A super quick and easy hot sauce that would be perfect to liven up just about any dish.

Course Sauce
Cuisine Sudanese
Prep Time 5 minutes
Total Time 5 minutes
Servings 8
Calories 17 kcal
Author Darlene at International Cuisine

Ingredients

  • 1 cup Lemon Juice
  • 3 cloves Garlic minced
  • 3 Tbsp Crushed Red Pepper hot
  • 1 tsp Black Pepper
  • 1 tsp salt

Instructions

  1. In a bowl, combine all the ingredients and blend or whisk together.

  2. Serve in a containter so it can easily be poured on the dish.

Nutrition Facts
Sudanese Shata (A popular hot sauce)
Amount Per Serving
Calories 17 Calories from Fat 9
% Daily Value*
Fat 1g2%
Saturated Fat 1g6%
Sodium 340mg15%
Potassium 94mg3%
Carbohydrates 4g1%
Fiber 1g4%
Sugar 1g1%
Protein 1g2%
Vitamin A 890IU18%
Vitamin C 12mg15%
Calcium 14mg1%
Iron 1mg6%
* Percent Daily Values are based on a 2000 calorie diet.

Sudanese Peanut Macaroons (Ful Sudani)

Sudanese peanut macaroons are called ful Sudani. They are really quick and easy to make. We enjoyed them alongside Sudanese cinnamon tea. Peanuts are a staple ingredient in both Sudan and South Sudan.  Did you know that peanuts are not a nut but actually a legume?  Many people are surprised by that fact. They are called ground nuts in Sudan. 

A plate full of Sudanese peanut Macaroons

These little light bites are more like a peanut meringue than a macaroon you may be familiar with from France.  We loved them!

Sudan used to be one of the world’s top exporters of peanuts but its ranking has fallen in recent years, Traditional small-scale farming in Sudan’s western states produces 70% of the country’s groundnut supply. Since peanuts depend on rainfall to survive, devastating droughts in these regions have significantly affected the farmers abilities to produce high yields.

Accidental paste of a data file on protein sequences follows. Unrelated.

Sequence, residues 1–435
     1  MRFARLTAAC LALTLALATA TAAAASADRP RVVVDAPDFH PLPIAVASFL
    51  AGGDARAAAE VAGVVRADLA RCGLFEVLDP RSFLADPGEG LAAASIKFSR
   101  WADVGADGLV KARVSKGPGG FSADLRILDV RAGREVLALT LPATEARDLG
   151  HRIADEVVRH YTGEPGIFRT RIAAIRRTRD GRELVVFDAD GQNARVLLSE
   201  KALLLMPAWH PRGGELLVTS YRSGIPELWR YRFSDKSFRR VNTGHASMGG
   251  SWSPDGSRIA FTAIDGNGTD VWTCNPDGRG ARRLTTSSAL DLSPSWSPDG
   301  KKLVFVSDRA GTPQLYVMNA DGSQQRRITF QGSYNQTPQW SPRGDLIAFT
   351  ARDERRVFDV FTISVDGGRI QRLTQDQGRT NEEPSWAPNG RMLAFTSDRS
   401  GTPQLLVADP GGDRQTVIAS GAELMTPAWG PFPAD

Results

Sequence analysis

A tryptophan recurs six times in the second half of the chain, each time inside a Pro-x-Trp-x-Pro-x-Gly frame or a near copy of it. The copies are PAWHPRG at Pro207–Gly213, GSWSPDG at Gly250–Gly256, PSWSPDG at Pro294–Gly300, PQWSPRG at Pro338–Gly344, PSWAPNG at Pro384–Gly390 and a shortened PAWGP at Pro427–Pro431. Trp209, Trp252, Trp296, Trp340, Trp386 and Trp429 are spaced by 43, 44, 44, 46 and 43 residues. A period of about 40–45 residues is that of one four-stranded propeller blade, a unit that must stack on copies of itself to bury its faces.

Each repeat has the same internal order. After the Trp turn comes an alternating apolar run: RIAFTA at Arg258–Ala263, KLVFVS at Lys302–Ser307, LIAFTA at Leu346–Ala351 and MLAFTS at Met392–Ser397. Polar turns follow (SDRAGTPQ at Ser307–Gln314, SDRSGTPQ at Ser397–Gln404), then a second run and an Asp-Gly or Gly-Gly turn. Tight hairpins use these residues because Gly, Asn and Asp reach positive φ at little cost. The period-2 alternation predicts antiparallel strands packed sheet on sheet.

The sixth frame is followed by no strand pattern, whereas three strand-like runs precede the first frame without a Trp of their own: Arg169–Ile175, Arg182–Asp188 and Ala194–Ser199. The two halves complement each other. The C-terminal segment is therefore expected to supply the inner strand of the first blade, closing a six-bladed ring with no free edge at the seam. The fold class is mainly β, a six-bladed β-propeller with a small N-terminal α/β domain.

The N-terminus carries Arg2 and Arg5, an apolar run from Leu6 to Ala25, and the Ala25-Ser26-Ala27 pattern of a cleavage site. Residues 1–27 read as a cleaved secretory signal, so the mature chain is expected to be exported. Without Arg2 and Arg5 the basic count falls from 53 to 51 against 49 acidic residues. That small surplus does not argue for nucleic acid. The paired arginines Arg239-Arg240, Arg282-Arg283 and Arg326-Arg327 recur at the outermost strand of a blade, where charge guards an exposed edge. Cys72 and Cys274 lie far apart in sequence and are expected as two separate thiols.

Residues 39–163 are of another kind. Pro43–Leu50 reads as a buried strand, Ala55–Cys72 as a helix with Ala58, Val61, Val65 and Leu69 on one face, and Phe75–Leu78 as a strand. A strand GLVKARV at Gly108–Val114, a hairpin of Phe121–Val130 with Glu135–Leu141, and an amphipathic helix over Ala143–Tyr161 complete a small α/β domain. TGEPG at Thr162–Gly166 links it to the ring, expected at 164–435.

The government has high hopes for a new variety of peanut that has been developed that supposedly is more drought resistant with higher yields it is called Tafra-1.  We can only hope that this works as 70 percent of the labor force works in agriculture and the groundnuts are a source of protein in Sudanese cuisine. 

If you would like to learn more be sure to check out “Our Journey to Sudan and South Sudan”.  There you will find more authentic Sudanese recipes like Sudanese eggplant dip and ful Medames.

Craving even more?  Be sure to join the culinary and cultural journey around the world so you don’t miss a thing,  it’s free,  You can also follow me on Instagram, Facebook ,  Pinterest and youtube to follow along our journey.

Please note that this page contains affiliate links in which I will earn a small commission however, it will in no way affect the price you pay. I thank you for your support!
A plate full of Sudanese peanut macaroons.
5 from 1 vote
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Sudanese Peanut Macaroons (Ful Sudani)

A wonderful quick and easy recipe from Sudan.

Course Dessert
Cuisine Sudanese
Prep Time 10 minutes
Cook Time 15 minutes
Total Time 25 minutes
Servings 24 cookies
Calories 91 kcal
Author Darlene at International Cuisine

Ingredients

  • 2 cups Peanuts roasted and unsalted
  • 3 large egg whites
  • 1/8 tsp salt
  • 1 cup powdered sugar
  • 1 tsp vanilla extract

Instructions

  1. Preheat the oven to 325 F

  2. Grind the unsalted, roasted peanuts to small bits reaching a grainy texture but not a powder. Set aside.

  3. In a bowl beat the egg whites with the salt until stiff

  4. Add in the powder sugar a little at a time using a low speed until fully incorporated.

  5. Add in the vanilla extract and the peanuts, stir to combine

  6. Place parchment paper on a backing sheet and place about 1 tablespoon size spoonfuls of the dough, leaving a room between each one.

  7. Bake for 15 minutes, watch closely, they should be lightly colored but not browned.

Nutrition Facts
Sudanese Peanut Macaroons (Ful Sudani)
Amount Per Serving